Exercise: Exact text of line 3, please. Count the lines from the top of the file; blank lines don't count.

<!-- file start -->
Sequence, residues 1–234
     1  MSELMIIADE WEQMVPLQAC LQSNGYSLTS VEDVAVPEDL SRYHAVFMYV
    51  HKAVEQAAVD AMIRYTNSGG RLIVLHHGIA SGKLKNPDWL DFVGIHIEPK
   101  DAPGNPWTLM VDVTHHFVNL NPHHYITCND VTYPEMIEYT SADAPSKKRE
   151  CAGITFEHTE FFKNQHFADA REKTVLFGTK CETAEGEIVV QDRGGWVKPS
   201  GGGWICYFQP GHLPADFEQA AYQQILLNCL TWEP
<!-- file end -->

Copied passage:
    51  HKAVEQAAVD AMIRYTNSGG RLIVLHHGIA SGKLKNPDWL DFVGIHIEPK